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Amsterdam (NH): St. Nicolaaskerk (A.C. Bleijs, 1885-1887)

In 1578 the Amsterdam city counsil in a moment of opportunism formally declared the city a protestant one. In the city, which until shortly before that moment was loyal to Spain, the catholics were now officially forbidden to hold religious services. All churches and chapels were handed over to the protestants or given a new profane function. The parish of the old St. Nicolaaskerk, renamed Oude Kerk ('Old Church') by the protestants, continued to gather in secret in the attic of a house, a hidden church aptly named Ons' Lieve Heer op Solder ('Our Lord in the Attic'), although it still had St. Nicolaas as its patron saint.
This hidden church was not replaced until 1887, 92 years after catholics were officially no longer second-class citizens. Several new catholic churches had already been built elsewhere in Amsterdam. At the time the new St. Nicolaas was built neo-Gothicism has been the more or less official catholic architectural style for over three decades. But architect Bleijs, a former employee of P.J.H. Cuypers (who had fired him over some disagreement), chose a combination of neo-Renaissance and Baroque influences instead. A remarkable choice, as neo-Renaissance was essentially the protestant answer to neo-Gothicism. Bleijs built another church in a similar style in Hoorn, as well as several in neo-Romanesque and neo-Gothic styles.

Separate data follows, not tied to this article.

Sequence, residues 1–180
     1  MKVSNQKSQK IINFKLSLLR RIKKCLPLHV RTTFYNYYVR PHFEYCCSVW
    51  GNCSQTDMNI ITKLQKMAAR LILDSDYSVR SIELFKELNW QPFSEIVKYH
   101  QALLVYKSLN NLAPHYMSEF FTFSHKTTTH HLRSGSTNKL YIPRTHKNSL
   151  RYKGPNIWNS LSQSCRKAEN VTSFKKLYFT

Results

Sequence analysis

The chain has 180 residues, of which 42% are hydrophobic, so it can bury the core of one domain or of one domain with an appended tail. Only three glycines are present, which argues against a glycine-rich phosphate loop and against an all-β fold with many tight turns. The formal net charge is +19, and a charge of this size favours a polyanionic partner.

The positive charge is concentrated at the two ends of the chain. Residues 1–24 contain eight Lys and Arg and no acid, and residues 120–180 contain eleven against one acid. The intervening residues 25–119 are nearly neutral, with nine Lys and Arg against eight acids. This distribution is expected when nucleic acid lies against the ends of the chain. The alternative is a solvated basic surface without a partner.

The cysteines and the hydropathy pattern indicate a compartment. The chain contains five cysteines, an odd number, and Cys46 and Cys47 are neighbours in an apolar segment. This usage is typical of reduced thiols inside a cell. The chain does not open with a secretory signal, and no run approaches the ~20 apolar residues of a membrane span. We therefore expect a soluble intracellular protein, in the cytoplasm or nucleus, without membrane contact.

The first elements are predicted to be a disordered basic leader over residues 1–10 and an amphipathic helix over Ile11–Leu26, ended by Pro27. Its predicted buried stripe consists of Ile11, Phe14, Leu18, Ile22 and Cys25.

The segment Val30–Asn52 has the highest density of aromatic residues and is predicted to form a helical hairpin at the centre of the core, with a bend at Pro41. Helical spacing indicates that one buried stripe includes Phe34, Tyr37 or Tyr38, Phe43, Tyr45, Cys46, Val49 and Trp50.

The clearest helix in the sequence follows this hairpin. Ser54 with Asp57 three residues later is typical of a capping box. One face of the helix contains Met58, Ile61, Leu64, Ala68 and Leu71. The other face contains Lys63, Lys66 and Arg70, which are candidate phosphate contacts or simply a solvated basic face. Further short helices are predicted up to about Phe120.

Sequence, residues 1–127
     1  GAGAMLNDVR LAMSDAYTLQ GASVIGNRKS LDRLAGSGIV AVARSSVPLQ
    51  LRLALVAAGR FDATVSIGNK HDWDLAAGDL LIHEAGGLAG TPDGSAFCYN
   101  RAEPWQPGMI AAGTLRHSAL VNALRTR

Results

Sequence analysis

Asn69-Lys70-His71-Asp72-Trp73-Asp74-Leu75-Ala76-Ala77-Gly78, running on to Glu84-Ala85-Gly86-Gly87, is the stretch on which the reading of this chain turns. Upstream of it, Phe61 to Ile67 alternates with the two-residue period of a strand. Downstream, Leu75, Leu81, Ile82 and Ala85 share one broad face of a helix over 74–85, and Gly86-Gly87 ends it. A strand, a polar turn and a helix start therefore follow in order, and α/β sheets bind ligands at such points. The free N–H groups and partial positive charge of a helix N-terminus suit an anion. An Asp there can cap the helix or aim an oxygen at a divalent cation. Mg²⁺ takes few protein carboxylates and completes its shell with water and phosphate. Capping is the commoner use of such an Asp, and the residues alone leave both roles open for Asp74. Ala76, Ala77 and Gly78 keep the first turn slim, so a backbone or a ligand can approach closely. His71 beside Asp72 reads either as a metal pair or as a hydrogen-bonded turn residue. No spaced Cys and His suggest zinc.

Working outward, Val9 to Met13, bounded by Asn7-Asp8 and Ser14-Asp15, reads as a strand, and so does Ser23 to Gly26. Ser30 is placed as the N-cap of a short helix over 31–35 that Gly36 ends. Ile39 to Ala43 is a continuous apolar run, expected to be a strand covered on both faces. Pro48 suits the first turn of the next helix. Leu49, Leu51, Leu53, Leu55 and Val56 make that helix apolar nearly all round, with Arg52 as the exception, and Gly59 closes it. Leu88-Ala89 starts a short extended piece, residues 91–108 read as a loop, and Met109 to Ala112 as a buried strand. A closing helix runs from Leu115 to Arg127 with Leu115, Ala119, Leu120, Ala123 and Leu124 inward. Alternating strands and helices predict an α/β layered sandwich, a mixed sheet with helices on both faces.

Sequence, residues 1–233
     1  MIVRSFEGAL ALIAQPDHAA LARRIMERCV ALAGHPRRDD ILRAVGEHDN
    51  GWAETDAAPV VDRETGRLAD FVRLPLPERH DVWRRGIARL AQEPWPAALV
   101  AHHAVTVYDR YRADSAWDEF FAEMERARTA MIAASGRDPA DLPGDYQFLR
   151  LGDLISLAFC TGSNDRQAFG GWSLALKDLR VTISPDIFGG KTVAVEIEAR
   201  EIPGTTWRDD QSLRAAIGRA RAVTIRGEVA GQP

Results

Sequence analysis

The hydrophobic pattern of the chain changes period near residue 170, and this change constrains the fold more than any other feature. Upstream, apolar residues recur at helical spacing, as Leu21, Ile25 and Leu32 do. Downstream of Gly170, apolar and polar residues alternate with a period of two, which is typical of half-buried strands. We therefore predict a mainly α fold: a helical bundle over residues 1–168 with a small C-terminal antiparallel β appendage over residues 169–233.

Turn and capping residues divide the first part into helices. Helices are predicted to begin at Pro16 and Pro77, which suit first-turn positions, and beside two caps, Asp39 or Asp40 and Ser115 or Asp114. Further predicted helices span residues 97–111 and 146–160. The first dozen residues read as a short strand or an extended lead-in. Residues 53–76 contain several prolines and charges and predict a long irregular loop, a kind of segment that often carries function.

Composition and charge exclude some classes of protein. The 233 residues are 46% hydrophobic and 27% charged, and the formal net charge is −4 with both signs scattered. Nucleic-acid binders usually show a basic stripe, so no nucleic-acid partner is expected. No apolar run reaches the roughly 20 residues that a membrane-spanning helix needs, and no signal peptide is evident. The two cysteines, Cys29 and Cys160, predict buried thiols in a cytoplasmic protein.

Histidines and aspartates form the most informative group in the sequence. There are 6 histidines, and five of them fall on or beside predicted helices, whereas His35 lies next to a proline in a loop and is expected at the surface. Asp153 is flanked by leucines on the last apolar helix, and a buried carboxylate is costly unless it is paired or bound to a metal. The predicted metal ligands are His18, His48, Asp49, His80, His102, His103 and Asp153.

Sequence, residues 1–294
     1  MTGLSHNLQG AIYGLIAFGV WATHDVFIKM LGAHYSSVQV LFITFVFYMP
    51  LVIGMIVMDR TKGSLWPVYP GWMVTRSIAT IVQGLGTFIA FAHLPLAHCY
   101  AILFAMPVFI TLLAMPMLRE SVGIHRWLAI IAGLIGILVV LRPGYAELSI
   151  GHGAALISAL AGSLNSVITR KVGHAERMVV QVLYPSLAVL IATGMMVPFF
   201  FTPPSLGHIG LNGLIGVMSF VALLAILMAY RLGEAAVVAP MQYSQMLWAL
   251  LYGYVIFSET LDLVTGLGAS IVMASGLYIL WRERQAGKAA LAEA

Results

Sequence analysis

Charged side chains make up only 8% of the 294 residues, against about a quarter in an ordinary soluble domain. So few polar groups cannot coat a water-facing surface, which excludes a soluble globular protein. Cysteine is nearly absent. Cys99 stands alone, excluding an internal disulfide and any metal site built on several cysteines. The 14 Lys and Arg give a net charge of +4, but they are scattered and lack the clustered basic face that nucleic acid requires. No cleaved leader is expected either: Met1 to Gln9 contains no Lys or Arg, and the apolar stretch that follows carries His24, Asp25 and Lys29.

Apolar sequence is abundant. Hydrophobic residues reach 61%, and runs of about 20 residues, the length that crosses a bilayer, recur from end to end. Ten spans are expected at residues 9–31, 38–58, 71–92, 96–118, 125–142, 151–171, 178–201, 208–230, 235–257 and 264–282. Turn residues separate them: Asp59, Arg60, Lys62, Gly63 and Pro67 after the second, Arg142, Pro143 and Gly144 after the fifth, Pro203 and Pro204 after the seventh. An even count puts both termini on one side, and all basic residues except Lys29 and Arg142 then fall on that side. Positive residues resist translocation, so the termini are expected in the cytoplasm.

The official name of the St. Nicolaas is St. Nicolaas binnen de Veste ('St. Nicolas inside the Walls'), referring to its location within Amsterdam's original borders. Its groundplan is that of a fairly conventional three-aisled cruciform basilican church. At the front are two towers with Baroque-style spires. The facade in between the towers has a large rose window in between, in the centre of which is a bas relief depicting Jesus and the four Evangelists. The transept has polygonal closures on both sides. On the crossing is a large octagonal tower crowned with a Baroque dome, on the top of which is a lantern-tower. The original inner side of the dome, with its stained glass windows, was removed at one time and the windows closed, blocking the light fom outside. Plans for a future restoration of the dome should restore this part of the church to its former glory.




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